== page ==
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Wednesday, April 23, 2008
Lithuania wants Ignalina open, fears the Bear
Lithuania has made a last-ditch effort to extend the life of its only nuclear power plant, fearing that its closure would boost energy costs and increase the Baltic country’s reliance on its former master, Russia. The Soviet-era Ignalina nuclear power plant’s remaining reactor is due to be shut down at the end of next year, an undertaking Lithuania made when it joined the EU in 2004. Lithuania hopes to persuade the EU to extend the life of Ignalina through a national referendum. Community organisations and political parties are set to begin collecting the 300,000 signatures needed to hold the fall referendum to delay the closing of plant. Ferran Tarradellas Espuny, spokesman for EU Energy Commissioner Andris Piebalgs, told New Europe that extending the life of the plant “is out of the question.” The chances of that happening are zero, zip, zilch, nada! He explained that closing down the nuclear plant is a primary goal included in the accession agreement ratified by the Lithuanian government, the parliament and citizens in a referendum. It was also ratified by the 27 member states. “It is not something that can be reopened. There is nothing they can do. It’s the law and you cannot break the law,” the EU energy spokesman said. “This exercise is basically a useless exercise.” That’s bad news for Lithuania, which depends on the reactor for about 75 percent of its electricity and will have to rely on Russian energy imports. The gas supply standoff between Russia and Ukraine is only a small taste of what’s in store for Lithuania, given its poor relations with Moscow. “They basically wouldn’t want to become more reliant on Russian energy, given the relations between the two countries are at a low point, that’s for sure,” Chris Weafer, chief strategist for Moscow’s UralSib investment bank, told New Europe. By closing down the nuclear plant, the balance of electricity for Lithuania would become more dependent on other sources of energy. If relations between Vilnius and Moscow were good, it would have been better for Lithuania to import more energy from Russia because that’s where the infrastructure is, and it would be cheaper. But, given the political situation, the Baltic state is more likely to look for other energy suppliers by bringing oil by ship and looking to import electricity from its western neighbours rather than its eastern neighbours. This means Lithuania will be looking at substantially increasing costs. “They would have to buy more energy from the West and that would increase their cost,” Weafer said. It’s a question of energy security. It’s better to have your own rather than rely on others, especially if that’s Russia, which may leverage energy supplies to advance its political goals. Analysts expect Dmitry Medvedev, as the new president of Russia, to work towards improving relations between Russia and European countries and former Soviet countries. But as Weafer pointed out, “the relationship with Lithuania would be the hardest to repair.” When supplies through a branch of the Druzhba I pipeline to Lithuania’s Mazeikiu oil refinery were halted almost two years ago, just weeks after Polish oil group PKN Orlen sealed a deal to buy the Mazeikiu complex, everybody assumed that was payback for Russian companies being blocked from buying the Baltic oil facility. But the EU energy spokesman said that was not the case. “Certainly the timing was awful because it was when PK Orlen bought Mazeikiu Nafta. If there was no supplier at all, then it could be seen as an attempt, but this is not the case. Oil continues to be shipped to the refinery,” he said, adding that Lithuania’s only oil refining facility is receiving oil by ship from the Baltic Sea. However, the pipeline is still not working. Tarradellas Espuny said the Commission has repeatedly asked Russia to reopen the oil pipeline to Lithuania. But he said Russia has a case. “If you look at it a bit coldly they seem to have a point because, at the end of the day, they are the ones that are losing money because they are not getting the transit money from the pipeline,” he said. Russia may not want to repair the pipeline. “It’s consistent with the policy they are following. They do not want to have intermediaries. They have to go through Belarus and they do not want to go through Belarus and that is the situation,” the EU energy spokesman said. “We don’t see anything worrying.”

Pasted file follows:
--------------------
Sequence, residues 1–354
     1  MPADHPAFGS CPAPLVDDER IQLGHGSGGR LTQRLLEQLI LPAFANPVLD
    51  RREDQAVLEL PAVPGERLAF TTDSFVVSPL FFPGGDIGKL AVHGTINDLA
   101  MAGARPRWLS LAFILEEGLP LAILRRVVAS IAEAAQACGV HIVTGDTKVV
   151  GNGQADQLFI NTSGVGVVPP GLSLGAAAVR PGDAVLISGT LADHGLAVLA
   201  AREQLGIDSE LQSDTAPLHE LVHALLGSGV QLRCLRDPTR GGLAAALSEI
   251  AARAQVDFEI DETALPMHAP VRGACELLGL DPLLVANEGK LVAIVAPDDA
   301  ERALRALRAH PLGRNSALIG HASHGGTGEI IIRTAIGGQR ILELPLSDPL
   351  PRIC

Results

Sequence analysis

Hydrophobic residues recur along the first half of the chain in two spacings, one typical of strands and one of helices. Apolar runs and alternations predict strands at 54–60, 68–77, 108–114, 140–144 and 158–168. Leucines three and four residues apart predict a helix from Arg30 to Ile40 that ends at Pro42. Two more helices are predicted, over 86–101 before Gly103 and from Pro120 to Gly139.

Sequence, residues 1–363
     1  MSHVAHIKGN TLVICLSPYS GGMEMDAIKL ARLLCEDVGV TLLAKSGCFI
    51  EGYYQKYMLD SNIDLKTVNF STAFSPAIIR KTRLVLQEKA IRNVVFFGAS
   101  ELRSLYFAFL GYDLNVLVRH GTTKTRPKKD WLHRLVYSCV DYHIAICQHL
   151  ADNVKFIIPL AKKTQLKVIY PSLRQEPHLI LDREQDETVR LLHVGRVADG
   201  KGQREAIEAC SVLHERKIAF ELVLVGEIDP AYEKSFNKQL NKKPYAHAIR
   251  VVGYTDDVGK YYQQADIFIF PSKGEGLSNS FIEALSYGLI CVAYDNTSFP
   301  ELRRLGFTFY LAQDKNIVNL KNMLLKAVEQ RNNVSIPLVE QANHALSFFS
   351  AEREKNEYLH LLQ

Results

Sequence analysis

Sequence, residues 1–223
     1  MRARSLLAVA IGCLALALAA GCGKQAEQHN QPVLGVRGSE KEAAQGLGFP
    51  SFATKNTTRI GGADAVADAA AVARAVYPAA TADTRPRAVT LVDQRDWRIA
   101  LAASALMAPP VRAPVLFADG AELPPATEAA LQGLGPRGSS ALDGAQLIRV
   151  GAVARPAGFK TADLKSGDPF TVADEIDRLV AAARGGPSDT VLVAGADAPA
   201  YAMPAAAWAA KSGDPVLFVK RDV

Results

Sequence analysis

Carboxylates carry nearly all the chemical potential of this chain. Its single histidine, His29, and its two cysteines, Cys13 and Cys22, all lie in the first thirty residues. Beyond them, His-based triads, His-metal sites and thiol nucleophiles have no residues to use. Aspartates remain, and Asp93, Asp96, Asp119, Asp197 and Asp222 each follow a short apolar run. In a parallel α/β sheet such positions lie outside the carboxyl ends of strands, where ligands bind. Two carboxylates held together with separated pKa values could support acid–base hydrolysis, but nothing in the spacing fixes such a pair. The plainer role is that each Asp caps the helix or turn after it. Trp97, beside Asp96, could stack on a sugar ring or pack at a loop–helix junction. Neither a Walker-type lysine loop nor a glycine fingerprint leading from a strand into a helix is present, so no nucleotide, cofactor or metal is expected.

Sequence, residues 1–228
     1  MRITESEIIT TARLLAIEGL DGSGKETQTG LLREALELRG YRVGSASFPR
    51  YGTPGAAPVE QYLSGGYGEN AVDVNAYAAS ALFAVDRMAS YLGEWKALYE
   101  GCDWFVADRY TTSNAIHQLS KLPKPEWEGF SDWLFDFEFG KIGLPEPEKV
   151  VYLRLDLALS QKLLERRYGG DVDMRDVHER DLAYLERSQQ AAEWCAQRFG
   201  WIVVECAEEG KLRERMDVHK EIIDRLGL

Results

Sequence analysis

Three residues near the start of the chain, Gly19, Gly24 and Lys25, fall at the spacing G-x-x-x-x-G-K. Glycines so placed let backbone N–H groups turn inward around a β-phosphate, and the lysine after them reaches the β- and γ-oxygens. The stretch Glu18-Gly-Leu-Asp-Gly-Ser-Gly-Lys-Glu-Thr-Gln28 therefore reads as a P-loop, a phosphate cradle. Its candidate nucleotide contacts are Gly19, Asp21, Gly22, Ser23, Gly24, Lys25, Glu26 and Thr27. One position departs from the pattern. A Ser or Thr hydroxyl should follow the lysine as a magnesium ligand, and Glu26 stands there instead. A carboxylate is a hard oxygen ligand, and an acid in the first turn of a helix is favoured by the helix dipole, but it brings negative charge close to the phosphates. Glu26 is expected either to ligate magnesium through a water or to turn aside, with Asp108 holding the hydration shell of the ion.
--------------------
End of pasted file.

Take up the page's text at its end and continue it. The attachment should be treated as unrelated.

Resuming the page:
(Source: New Europe)
(Source: New Europe)